void my_data_init( my_data * m ) {
    m->a = 0;
void my_data_incr( my_data * m ) {

//OOP language
class my_data {
    public int a;
    public my_data() {
        a = 0;
    public incr() {

The syntax extensions are definitely helpful, but it doesn’t represent a fundamentally different way of programming. C programmers were structuring their code this way before C++ was even available. It’s perhaps a refined of the paradigm but not fundamentally different. We’re still giving the computer rather explicit instructions on how to structure data and the order in which things should be executed.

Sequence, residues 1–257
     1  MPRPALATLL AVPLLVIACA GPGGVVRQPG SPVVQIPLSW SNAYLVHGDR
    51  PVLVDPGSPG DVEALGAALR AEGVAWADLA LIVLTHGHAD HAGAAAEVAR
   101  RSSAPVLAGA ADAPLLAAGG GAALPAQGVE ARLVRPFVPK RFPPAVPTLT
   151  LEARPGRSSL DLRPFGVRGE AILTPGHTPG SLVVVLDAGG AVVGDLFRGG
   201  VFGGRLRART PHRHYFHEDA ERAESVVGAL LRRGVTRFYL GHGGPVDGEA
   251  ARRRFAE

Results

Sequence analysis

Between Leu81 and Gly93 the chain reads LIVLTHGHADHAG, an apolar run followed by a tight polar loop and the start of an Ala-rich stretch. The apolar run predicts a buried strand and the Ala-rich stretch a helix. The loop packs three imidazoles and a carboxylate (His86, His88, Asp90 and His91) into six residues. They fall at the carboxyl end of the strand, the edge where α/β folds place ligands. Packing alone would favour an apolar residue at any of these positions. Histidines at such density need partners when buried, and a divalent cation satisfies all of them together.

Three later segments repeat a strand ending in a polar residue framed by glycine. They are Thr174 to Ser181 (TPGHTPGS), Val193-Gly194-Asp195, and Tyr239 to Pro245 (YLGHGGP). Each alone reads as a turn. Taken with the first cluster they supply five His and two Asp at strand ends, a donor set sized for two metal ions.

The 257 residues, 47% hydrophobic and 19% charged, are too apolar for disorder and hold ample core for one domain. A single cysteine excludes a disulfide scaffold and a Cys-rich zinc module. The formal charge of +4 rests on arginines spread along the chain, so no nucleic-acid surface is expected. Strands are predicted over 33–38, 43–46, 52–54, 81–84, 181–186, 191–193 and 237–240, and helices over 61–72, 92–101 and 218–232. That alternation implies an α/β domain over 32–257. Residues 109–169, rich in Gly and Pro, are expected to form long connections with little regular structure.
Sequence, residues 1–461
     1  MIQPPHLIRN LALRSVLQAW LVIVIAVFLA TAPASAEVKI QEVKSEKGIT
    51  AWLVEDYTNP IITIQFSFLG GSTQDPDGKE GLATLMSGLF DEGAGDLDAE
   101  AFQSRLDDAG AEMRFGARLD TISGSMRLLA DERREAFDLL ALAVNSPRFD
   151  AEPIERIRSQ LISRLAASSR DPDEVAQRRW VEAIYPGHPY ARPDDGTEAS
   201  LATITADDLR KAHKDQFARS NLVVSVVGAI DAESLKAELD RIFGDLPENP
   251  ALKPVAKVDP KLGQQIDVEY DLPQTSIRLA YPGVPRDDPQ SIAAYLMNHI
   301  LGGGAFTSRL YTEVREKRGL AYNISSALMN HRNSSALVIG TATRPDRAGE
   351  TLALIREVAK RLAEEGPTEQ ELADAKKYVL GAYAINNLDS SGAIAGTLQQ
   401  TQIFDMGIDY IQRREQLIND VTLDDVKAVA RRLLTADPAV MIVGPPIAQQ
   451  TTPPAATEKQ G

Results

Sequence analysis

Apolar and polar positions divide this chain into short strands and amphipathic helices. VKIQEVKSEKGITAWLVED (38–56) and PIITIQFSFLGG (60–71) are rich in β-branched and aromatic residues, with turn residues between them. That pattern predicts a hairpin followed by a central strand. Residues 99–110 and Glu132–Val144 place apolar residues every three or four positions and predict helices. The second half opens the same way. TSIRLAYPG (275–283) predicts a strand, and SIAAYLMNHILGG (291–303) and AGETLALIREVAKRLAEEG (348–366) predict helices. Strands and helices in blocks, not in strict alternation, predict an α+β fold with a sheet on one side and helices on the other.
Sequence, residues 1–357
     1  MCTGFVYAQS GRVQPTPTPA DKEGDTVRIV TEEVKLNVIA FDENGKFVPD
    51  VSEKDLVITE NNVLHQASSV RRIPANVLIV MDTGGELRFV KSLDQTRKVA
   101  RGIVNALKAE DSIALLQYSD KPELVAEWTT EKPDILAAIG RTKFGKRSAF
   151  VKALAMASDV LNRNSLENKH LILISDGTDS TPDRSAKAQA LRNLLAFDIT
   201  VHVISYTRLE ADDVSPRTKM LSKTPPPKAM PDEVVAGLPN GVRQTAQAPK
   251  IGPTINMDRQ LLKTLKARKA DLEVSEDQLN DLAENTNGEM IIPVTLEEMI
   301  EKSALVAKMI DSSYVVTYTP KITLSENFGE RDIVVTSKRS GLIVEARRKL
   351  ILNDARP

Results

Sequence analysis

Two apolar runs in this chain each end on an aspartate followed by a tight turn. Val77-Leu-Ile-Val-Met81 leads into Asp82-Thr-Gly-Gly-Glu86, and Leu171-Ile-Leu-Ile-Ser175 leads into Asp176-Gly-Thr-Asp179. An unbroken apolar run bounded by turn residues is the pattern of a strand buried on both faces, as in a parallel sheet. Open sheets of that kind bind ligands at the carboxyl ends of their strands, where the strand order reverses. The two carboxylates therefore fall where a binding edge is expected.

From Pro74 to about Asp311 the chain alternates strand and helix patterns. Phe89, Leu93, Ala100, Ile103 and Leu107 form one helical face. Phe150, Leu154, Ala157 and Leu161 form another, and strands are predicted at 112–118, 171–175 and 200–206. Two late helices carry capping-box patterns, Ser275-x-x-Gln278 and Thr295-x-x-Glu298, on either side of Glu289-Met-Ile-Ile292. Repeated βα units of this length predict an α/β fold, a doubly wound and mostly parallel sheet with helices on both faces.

Building blocks

Imperative components are linked to each via functions and variables. Programs are created by sequencing calls to many libraries and altering a global state, in memory, on disk, or over a network. We can loop on conditions, branch, or even call functions that wait for something to happen. Everything that happens is explicitly written, and ordered, in the code.

Though complete programs can be written strictly using this paradigm, it is no longer common except for the smallest of scripts. Imperative programming is well served when combined with other paradigms to create applications. Events connect a UI application, where the individual responders are written imperatively. Declarative languages describe server deployment, but the individual rules are imperative. A simulation package that has primarily functional calculations can be glued together with a bit of imperative code.